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Philadelphia History Museum This wampum belt was said to be given to William Penn by the Lenape tribe at the time of the treaty. The belt, donated in to the Historical Society of Pennsylvania by a great grandson of Penn, is made of white wampum with darker accent be and depicts two figures holding hands, often interpreted as a of friendship and peace.


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Seneca war chief Cornplanter, shown here in an color lithograph by J. Bowen, based on a painting by F. Cornplanter was one of the atories on the Treaty of Fort Stanwix, which ceded huge tracts of northwestern Pennsylvania to the United States. In reward for his service, the United States granted Cornplanter a tract of about 1, acres in northwestern Pennsylvania in

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The story of the Indigenous peoples of Philadelphia begins in the long-ago time with the emergence of Turtle and the earth that formed on its back. From this first earth, the first tree grew and so too did the first sprouts. Adapted from the first written emergence story of the Lenapeas told by Lenape elder Tantaque, courtesy of Curtis Zunigha.

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Prior to the first waves of colonization, the major Pennsylvania Indian tribes were the Lenape, Susquehannock, Shawnee, and Iroquois. Those original people of what would become the city of Philadelphia were the Lenape.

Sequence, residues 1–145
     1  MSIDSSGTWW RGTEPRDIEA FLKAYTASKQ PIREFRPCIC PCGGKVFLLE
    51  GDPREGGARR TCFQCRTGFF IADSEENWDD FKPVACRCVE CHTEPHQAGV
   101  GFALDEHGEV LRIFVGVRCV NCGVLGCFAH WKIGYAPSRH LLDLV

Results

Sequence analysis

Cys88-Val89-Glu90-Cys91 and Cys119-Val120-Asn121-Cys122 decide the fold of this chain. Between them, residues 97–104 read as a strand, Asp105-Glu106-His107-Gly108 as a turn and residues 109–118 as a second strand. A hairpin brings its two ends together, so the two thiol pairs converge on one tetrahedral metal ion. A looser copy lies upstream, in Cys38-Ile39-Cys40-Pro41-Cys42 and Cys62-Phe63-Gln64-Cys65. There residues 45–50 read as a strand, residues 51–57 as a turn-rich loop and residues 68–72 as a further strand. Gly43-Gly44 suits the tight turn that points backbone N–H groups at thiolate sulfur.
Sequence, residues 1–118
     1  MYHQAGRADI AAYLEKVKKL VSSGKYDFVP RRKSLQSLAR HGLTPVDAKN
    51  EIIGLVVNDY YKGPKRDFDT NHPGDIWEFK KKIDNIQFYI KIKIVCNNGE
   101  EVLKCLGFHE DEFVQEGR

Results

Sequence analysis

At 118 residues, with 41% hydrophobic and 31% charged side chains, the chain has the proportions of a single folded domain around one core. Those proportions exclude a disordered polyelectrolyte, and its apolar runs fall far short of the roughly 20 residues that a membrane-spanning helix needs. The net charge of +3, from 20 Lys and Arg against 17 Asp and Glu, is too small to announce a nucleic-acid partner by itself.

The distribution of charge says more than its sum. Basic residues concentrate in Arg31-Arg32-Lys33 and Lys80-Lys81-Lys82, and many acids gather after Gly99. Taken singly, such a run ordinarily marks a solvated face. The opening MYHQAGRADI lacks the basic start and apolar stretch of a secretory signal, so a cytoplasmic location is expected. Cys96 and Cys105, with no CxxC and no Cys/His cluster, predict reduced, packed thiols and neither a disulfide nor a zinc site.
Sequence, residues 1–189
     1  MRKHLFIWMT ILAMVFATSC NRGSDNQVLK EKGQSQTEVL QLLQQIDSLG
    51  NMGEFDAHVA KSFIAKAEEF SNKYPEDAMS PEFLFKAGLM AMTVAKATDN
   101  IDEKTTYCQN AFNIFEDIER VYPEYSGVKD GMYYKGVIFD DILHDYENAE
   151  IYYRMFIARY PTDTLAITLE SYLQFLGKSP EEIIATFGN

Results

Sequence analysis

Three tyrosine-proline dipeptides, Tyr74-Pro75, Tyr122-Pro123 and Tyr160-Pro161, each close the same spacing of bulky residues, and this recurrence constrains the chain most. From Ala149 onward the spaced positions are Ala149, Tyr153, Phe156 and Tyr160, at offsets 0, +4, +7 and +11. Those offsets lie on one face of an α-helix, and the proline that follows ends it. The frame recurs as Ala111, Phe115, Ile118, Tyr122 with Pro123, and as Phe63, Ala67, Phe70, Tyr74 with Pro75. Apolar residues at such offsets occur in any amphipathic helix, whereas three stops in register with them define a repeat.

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They were hunters, fisher people, and cultivated the area around Philadelphia along the banks of what are now called the Delaware and Schuylkill rivers. The area was green and filled with rolling hills, verdant trees, wetlands, and a bursting ecological system.

InDutch and Swedish colonizers, bought a tract of land from the Lenape near Wilmington Delaware, beginning a long history of transactions between the Lenape and the colonial powers. The first European to settle in the Philadelphia area was a man named William Warner who arrived in The land was dedicated for persecuted Quakers but was already the homeland of the Lenape people.

Penn, driven by the Quaker tenets of goodwill and friendship, was quick to establish treaty relations with the Lenape through the Shackamaxon agreement, that bought out their lands but allowed them to retain certain villages and locations, that could not be sold. This all worked fine until the death of William Penn in the early s. But it was no purchase, rather it was a devious plot to trick the Lenape into selling off almost a million acres of traditional land.

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A ificant historical incident happened in that brought a of issues between the Quakers, the colonists and the Indigenous People to a tragic and bloody confluence. In early December, a mob of frontiersmen rode from east-central Pennsylvania to just outside of Lancaster where they carried out a vile and merciless attack on the Conestoga people.